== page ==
Tuesday, December 1, 2009

Cleve Jones on World AIDS Day (AUDIO)

Gay Activist Cleve Jones, has been an AIDS Activist for over 30 years. After working with Harvey Milk, Cleve conceived the idea of the AIDS Memorial Quilt. In this exclusive audio byte he talks about how AIDS effected our LGBT community.
A day dedicated to raising awareness of the AIDS pandemic caused by the spread of HIV infection. AIDS has killed more than 25 million people, with an estimated 38.6 million people living with HIV, making it one of the most destructive epidemics in recorded history. I have lost many friends & family to AIDS. It is important to take a moment & remember them & think about what a better world this would be if they were still around…..
Get Tested & Always Practice Safe-Sex…For more info…

2 Comments:

Anonymous Congresswoman Baldwin said...

World AIDS Day serves as a somber reminder of the global pandemic that is as threatening as any we have ever known. The statistics are staggering. Since 1981, worldwide, more than 32 million people have died of AIDS. 33.4 million are currently living with HIV/AIDS, roughly half of them women. In Africa, families struggle daily against poverty and without access to drugs. More than 14 million children there are AIDS orphans. In the US, we struggle daily against complacency and misinformation. More than a million people are living with HIV/AIDS, and it is the leading cause of death for Black men and women between the ages of 25 to 44. Every nine and a half minutes in our country, another person becomes infected.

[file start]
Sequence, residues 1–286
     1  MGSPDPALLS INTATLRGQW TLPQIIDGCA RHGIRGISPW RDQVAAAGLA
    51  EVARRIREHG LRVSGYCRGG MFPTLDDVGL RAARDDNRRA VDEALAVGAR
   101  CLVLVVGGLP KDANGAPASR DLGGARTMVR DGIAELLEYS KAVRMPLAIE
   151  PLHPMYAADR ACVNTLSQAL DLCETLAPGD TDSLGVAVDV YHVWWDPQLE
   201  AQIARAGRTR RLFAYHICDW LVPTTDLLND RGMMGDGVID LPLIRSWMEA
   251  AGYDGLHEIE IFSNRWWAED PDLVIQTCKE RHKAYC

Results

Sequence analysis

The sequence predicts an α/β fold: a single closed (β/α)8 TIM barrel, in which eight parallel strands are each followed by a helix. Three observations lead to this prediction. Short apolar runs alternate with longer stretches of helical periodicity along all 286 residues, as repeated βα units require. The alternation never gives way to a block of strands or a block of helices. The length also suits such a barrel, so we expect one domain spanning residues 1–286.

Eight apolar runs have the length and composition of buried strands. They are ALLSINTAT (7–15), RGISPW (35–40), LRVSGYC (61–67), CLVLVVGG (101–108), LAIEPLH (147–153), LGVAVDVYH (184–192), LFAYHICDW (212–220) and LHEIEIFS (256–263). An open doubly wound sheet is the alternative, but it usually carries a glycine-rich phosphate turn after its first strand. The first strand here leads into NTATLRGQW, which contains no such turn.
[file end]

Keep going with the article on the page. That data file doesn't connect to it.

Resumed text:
HIV/AIDS education, research, and treatment continue to be stifled in many parts of the world by misinformation, fear, and stigma. In Uganda, proposed legislation would severely criminalize the ‘promotion of homosexuality,’ thereby limiting the distribution of information on HIV prevention. Worse yet, the legislation would establish the crime of ‘aggravated homosexuality’ punishable by death for anyone in Uganda who is HIV positive and has consensual same-sex relations. I have asked Secretary of State Hillary Clinton to use the full force of her office to condemn this “Anti-Homosexual Bill” introduced in Uganda’s parliament

The U.S. has made great strides in confronting the reality of HIV/AIDS here at home and around the world. We can be proud of the work of our scientists, health care providers, and relief workers. But looking to tomorrow, we can, and we must, do more globally, nationally, locally, and as individuals. Government can lead the way in funding research and developing vaccines, treatments, and potential cures. Individuals must take the initiative to be tested and act responsibly. HIV/AIDS is not ‘their’ problem, it is ‘ours,’ and together we must defeat it.

On World AIDS Day, we remember all those we’ve lost to this terrible disease. We honor all those working to prevent more deaths. We support all those living with HIV/AIDS and those who care for them; and we pledge to work to end this scourge of our time.

December 1, 2009 at 2:58 PM  
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July 1, 2015 at 6:55 AM  

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